An affectionate or playfully derisive term for a cantankerous, eccentric old man. My grandpa is such an old codger, but we all love his gruff ways.
An eccentric or irritable older person, especially a man, whose views or attitudes are considered boring or old-fashioned. Ah, don't mind that old coot. He's just cantankerous because he isn't up to speed with the way of today's youth. I've fully embraced that I'm going to be a stodgy old coot when I get older.
An older person, especially one whose views or attitudes are considered boring or old-fashioned. Ah, don't mind that old fogy. He's just cantankerous because he isn't up to speed with the way of today's youth. I've fully embraced that I'm going to be a stodgy old fogy when I get older.
Farlex Dictionary of Idioms. © 2015 Farlex, Inc, all rights reserved.
Unflattering names for an elderly man. Old codger, dating from the mid-1700s, may imply that he is testy or crusty, whereas old coot, from the mid-1800s, indicates he is silly or ignorant. As for an old fogy, he may be hidebound in tradition. None of these is a desirable epithet, or, as Terrel Bell put it, “There’s only one thing worse than an old fogy, and that’s a young fogy” (commencement address at Longwood College, Virginia, June 17, 1985). A newer and decidedly vulgar synonym is old fart, dating from the first half of the 1900s. Phil Donahue said it of himself on his NBC television show in 1992: “I didn’t always look like an old fart like this.”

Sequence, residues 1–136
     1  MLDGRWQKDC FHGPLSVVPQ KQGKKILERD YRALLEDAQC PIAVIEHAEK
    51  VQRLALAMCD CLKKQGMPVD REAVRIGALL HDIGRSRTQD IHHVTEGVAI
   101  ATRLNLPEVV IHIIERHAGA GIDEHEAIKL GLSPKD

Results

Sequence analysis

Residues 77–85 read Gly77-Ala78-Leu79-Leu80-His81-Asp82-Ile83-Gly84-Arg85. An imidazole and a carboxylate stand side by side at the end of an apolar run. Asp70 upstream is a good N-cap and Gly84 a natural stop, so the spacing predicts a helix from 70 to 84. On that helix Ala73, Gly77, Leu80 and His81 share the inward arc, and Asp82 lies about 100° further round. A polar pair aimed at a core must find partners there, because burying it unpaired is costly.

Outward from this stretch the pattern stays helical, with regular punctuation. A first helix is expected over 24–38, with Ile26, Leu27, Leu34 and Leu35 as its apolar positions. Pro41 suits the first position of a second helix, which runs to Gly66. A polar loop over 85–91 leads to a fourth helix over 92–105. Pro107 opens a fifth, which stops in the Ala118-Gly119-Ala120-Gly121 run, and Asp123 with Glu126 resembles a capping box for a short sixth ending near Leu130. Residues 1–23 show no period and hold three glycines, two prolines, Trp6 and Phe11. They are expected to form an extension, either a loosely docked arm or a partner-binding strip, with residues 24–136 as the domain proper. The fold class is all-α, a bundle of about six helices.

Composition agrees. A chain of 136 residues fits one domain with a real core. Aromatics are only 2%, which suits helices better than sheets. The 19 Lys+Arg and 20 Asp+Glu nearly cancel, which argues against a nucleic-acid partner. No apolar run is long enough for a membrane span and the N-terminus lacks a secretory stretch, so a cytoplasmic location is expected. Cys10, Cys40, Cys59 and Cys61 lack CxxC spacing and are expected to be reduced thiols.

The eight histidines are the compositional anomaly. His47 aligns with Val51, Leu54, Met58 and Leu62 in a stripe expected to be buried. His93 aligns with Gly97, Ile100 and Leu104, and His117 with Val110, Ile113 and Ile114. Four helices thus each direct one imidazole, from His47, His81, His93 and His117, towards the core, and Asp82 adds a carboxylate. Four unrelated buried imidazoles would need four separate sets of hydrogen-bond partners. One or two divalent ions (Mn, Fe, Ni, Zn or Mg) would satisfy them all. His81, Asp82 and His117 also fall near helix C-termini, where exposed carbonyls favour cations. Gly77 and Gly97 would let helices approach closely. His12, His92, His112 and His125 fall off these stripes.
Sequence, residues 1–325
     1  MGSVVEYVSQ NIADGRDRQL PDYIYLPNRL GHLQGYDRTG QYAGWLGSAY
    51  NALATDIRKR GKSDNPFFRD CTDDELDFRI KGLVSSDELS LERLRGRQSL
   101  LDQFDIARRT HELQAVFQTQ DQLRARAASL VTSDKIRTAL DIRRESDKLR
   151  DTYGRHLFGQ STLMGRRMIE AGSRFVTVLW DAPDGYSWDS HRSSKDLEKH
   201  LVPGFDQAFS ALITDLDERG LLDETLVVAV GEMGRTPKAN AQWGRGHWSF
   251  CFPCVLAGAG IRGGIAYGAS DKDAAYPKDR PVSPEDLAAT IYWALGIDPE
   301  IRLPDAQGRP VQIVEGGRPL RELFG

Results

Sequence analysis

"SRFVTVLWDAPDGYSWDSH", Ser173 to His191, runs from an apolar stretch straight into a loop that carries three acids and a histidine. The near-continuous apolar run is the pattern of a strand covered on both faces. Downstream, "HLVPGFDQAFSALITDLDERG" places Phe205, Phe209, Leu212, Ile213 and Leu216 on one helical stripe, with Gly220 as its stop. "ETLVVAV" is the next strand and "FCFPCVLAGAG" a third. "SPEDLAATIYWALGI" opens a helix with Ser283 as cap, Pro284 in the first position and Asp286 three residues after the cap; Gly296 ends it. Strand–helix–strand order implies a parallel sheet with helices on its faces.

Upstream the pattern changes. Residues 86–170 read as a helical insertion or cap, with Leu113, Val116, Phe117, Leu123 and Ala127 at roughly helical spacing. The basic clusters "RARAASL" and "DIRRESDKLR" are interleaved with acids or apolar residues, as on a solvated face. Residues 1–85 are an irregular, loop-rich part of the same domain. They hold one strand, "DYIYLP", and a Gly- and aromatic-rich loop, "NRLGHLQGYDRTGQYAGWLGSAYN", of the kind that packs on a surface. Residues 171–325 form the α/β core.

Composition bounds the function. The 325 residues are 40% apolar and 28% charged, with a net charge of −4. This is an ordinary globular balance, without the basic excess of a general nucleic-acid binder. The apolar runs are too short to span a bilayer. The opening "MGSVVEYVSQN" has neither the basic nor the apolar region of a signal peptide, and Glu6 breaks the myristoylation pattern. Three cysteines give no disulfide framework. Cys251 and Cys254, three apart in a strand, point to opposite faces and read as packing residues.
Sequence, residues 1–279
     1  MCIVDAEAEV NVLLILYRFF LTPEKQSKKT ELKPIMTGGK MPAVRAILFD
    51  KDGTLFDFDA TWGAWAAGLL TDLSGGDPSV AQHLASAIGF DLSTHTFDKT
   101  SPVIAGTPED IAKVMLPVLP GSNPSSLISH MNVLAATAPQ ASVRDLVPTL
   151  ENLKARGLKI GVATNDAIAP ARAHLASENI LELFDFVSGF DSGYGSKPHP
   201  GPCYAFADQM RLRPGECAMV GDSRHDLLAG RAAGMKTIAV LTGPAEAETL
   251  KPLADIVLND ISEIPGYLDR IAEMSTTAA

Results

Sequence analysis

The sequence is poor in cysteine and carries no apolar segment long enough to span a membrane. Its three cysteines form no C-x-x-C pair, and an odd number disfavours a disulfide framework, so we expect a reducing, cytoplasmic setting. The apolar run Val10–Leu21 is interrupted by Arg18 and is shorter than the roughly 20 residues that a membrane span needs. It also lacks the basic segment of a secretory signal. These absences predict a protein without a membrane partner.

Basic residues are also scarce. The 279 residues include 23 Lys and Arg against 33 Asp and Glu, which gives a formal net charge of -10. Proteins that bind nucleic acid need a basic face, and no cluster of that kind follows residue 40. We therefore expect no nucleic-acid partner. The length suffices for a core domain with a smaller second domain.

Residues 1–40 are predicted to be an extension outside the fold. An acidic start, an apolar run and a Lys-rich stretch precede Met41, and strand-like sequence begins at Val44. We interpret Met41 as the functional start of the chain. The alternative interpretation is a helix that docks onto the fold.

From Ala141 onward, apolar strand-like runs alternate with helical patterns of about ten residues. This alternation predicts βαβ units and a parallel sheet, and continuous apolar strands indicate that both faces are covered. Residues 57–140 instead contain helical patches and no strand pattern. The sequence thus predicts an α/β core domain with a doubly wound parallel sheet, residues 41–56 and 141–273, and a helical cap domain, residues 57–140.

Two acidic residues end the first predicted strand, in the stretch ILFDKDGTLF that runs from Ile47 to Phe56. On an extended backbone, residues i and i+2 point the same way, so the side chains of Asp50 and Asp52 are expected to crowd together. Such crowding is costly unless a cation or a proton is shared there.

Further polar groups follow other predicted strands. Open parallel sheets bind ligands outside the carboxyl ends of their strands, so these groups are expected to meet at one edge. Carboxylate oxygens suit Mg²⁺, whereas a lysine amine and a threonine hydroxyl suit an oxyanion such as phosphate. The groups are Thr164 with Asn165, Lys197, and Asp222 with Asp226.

The Dictionary of Clichés by Christine Ammer Copyright © 2013 by Christine Ammer